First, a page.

What about penile injection therapy for erectile dysfunction?
Penile injection therapy is non surgical technique used to treat impotence. The man injects medication (usually alprostadil) into the base of his penis. This causes the penis to become hard almost immediately. The erection then lasts for up to one to two hours. Use of the injections is limited to not more than once a day and three times a week. Several clinic visits are usually needed to establish the dose of medication required. Treatment is available on the NHS.
Penile injections have the advantage of not involving surgery. They are also effective in many dialysis patients. It is not known, however, whether the success rate for these injections in kidney patients is as high as 70%.
Injection therapy can be an alternative for the 30-40% of men who commonly fail with Viagra. The best treatment for erectile dysfunction, however, depends on many things. These include a man's health and personal and physical tolerance for the treatment. A man with erectile dysfunction should involve his spouse or partner and his doctor in the treatment decision.
There are several drugs which can be injected directly into the erectile tissues of the penis to cause an erection. The most commonly used are papaverine (Papaverine hydrochloride), phentolamine (Regitine), and prostaglandin E1 (Caverject, Prostin, or Alpoprostadil), which can be taken singularly or in combination. Erection usually begins within 15 minutes and may last several hours.
Penile injection therapy involves injecting a single drug or a combination of drugs into the side of the penis. This produces a hard erection that can last for one to two hours. These drugs must be used exactly as prescribed by the physician. If not used correctly, the result could be a prolonged erection, called priapism. When priapism occurs, the blood fails to drain from the penis. This can damage the penile tissue and be extremely painful. A person who has a history of substance abuse, therefore, would be a risky candidate for this therapy since its success requires the exact use of the prescribed drug. Penile injections would be a difficult option for an individual with SCI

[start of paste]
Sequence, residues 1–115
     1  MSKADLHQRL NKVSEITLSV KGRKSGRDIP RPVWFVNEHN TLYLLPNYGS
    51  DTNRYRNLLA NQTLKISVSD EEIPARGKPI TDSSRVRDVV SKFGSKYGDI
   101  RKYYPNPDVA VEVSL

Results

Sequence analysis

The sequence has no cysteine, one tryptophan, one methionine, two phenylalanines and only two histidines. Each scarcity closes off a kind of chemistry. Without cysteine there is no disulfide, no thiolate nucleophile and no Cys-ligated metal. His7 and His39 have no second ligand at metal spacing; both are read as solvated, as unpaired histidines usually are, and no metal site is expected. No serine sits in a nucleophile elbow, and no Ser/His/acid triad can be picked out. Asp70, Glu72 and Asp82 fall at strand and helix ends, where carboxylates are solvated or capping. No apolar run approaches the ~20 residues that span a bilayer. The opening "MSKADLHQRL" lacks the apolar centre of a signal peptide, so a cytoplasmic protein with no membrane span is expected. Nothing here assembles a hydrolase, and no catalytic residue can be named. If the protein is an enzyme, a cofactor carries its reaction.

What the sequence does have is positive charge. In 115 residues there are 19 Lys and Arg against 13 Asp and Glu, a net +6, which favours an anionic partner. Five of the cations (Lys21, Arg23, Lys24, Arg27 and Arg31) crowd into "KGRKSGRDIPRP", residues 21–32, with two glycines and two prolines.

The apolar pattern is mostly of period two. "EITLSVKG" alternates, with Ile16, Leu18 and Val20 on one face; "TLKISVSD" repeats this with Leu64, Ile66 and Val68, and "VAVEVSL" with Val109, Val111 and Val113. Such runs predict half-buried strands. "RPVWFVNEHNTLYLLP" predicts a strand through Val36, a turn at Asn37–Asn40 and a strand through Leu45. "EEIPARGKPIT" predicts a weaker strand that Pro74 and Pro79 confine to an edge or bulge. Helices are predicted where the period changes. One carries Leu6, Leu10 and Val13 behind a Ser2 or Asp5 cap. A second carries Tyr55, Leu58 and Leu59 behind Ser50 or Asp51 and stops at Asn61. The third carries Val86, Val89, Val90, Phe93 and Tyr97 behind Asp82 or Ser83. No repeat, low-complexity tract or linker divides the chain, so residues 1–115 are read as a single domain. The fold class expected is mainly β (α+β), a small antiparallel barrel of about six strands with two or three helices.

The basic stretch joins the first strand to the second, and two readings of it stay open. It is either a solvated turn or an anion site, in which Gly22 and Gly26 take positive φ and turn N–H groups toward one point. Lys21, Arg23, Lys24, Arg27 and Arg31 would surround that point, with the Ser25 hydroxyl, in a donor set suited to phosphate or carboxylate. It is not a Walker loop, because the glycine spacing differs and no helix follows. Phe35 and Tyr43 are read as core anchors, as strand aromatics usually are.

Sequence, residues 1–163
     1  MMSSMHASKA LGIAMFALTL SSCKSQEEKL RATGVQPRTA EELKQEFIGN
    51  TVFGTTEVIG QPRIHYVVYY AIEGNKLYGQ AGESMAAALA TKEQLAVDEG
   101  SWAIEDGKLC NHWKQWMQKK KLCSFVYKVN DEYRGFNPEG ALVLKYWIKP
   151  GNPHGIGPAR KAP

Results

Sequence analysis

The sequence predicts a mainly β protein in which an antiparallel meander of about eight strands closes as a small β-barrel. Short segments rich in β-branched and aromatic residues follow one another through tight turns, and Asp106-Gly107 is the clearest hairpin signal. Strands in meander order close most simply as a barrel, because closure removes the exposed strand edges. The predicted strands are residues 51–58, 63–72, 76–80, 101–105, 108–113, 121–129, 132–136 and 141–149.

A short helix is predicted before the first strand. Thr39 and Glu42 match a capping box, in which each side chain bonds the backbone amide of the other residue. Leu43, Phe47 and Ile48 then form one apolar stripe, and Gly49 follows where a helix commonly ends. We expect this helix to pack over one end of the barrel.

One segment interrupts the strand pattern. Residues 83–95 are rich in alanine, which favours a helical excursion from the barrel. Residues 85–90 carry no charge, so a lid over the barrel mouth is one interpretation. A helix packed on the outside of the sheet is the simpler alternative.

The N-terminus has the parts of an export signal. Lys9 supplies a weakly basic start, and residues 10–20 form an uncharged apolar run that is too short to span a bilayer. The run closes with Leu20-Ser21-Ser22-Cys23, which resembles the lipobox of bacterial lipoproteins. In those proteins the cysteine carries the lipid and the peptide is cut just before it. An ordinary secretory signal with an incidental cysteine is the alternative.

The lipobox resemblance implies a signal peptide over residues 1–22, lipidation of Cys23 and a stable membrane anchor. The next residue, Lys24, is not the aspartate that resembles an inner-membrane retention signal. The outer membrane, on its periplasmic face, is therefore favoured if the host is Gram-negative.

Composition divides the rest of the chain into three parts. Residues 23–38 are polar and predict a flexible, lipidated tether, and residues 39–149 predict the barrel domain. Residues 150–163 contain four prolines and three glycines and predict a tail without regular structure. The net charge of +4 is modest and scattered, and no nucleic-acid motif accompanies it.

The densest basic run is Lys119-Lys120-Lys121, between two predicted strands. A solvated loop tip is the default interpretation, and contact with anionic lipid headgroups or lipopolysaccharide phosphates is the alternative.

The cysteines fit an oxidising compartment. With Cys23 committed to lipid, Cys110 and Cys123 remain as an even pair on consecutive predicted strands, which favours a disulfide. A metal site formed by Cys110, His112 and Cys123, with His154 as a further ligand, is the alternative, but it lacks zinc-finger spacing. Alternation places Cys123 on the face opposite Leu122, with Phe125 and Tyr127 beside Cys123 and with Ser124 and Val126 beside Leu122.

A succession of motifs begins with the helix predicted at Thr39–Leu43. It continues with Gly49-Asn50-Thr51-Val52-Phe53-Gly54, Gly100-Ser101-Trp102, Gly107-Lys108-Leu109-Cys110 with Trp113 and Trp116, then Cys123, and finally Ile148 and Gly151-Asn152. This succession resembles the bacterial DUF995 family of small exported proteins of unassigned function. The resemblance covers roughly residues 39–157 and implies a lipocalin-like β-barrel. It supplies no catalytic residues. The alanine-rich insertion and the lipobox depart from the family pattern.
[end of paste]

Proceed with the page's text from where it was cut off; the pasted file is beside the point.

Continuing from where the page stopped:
with limited hand function to use on his own. He must have a partner who is willing to learn to give the injections.
Some men must combine the injection with an external vacuum device to get satisfactory results. This procedure, however, can be cumbersome and expensive. The additional time it takes tends to reduce romantic spontaneity.
Caverject is the trade name for an injectable solution of prostaglandin E1 (PGE1) or alprostadil, which is manufactured by Pharmacia-Upjohn. There are other variants of this including Edex, a similar product from Schwarz-Pharma. Caverject makes the shot kit. It is portable and does not require refrigeration until you mix the ingredients. It's expensive, compared to the PGE1 or PPP (Prostaglandin, Papaverine and Phentolamine). A popular complaint is that the needle is very large. Many here will tell you to purchase the small needles that diabetics use for insulin injections. Mix your powder and liquid using the large needle supplied with the kit, then change to the small needle for the injection. The reason the company supplies large needles may be the worry you might break off the needle in your dick and sue them.
Bimix and Trimix are injectables for intracavernosal administration. They refer to any combination of either two or three chemicals. Bimix is often a mixture of papaverine and phentolamine, while Trimix (PPP) would add PGE1. Other cocktails are used, mainly in Europe. These mixtures are not commercially available but must be mixed by a compounding pharmacy. They are generally much cheaper than Caverject or Edex, and tend to minimize aching in the penis or testicles which is a problem in some men with Prostaglandin (PGE-1) alone. A compounding pharmacy is one which will create custom medications on a doctor's prescription; it usually doesn't include the corner drugstore or large chain pharmacies.